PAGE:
I've had a passion for animated films for as long as I can remember, having grown up with Disney classics such as Lady and the Tramp and Sleeping Beauty ... and as an adult, enjoying The Iron Giant. A short animated film project that's currently funding on Kickstarter through September 10 caught my interest -- Is There Anyone Out There?
Texas writer/director Jonathan Reynolds has brought together a talented creative team to support this family-friendly film, which addresses the universal question in a whimsical manner.
The score for Is There Anyone Out There? has already been performed and recorded in Austin by British composer Andy Dollerson and Austin's own Tosca String Quartet. San Antonio-based voice actor Terry Anderson is providing the narration for the tale of two boys questioning their fathers whether there's life beyond their own planet.
With the current social climate and concern over racism, it seems an appropriate time for a film about the civil rights movement in America to remind everyone how much has -- and perhaps hasn't -- changed in the last 50 years. In Lee Daniels' The Butler, we witness significant events and the politics that both impeded and fueled efforts by African-Americans and their supporters to effect change.
The Butler was inspired by a true story and tells the story of African-American Cecil Gaines (Forest Whitaker), who serves as a butler in the White House for multiple presidents throughout several decades, including the civil rights movement.
Born in Macon, Georgia in the 1920s, as a young boy Cecil Gaines works in the cotton field with his mother and dad until brutal overseer Thomas Westfall (Alex Pettyfer) swiftly and violently tears Cecil's family apart. Cecil is taken into the "big house" by the sympathetic Annabeth Westfall (Vanessa Redgrave), where he learns the valuable skills of a house servant. Recognizing that he will likely suffer the same fate as his father at the hands of Thomas, Cecil travels in search of a new life and employment in a safer environment -- not an easy task in the South.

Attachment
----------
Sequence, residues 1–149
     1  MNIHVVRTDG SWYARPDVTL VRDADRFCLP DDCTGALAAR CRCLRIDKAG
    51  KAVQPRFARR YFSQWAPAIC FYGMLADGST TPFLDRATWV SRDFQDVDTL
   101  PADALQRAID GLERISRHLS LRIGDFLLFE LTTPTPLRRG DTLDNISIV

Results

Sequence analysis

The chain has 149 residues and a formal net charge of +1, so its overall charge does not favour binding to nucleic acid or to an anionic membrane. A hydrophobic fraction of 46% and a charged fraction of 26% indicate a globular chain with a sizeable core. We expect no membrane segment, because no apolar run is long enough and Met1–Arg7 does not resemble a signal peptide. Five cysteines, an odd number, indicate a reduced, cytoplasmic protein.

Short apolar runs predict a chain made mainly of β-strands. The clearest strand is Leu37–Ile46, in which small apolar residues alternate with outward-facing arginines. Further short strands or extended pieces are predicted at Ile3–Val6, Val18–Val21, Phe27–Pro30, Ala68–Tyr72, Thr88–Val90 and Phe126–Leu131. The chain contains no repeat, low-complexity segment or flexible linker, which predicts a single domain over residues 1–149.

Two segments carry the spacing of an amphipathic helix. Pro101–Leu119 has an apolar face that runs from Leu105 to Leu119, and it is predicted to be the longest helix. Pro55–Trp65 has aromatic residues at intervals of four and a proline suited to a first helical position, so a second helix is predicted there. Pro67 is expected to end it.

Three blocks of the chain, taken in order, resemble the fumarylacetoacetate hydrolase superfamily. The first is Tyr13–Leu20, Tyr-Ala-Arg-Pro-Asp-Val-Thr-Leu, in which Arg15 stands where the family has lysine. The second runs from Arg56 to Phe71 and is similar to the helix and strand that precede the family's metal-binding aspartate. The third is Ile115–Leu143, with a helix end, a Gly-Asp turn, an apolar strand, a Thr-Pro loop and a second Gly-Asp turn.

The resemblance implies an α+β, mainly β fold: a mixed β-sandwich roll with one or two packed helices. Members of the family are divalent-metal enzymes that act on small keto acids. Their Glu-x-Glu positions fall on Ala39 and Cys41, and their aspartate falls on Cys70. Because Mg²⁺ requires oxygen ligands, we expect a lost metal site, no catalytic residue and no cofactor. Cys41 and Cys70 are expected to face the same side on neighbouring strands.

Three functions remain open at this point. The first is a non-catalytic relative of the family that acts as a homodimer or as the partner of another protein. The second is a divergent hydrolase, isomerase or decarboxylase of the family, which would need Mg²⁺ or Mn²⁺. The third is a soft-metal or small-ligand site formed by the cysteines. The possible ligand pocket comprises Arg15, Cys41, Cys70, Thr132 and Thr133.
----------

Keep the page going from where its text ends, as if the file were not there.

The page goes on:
Desperation drives him to commit a theft for which he could be hanged, but instead he is rescued by hotel butler Maynard (Clarence Williams III). Under Maynard's tutelage, Cecil not only gains experience as a professional servant but how to survive in a white man's world. From there Cecil makes his way to Washington, D.C. where he continues to work as a hotel butler until he is discovered and plucked to the most prestigious location of all -- the White House during the 1957 Eisenhower Administration.
Thus begins the journey of Cecil in The Butler -- as a silent observer of the politics behind the movement that affects himself and his family. While he quietly accepts his fate, his son Louis (David Oyelowo) questions and acts upon the disenfranchisement he and his peers experience. Scenes are intertwined between Cecil going about the daily functions of special events at the White House, and Louis's activism with the Freedom Riders and later the Black Panthers. Meanwhile, Cecil's wife Gloria (Oprah Winfrey) deals with the disconnect between her husband and eldest by filling the void with booze and the attention of philandering neighbor Howard (Terrence Howard).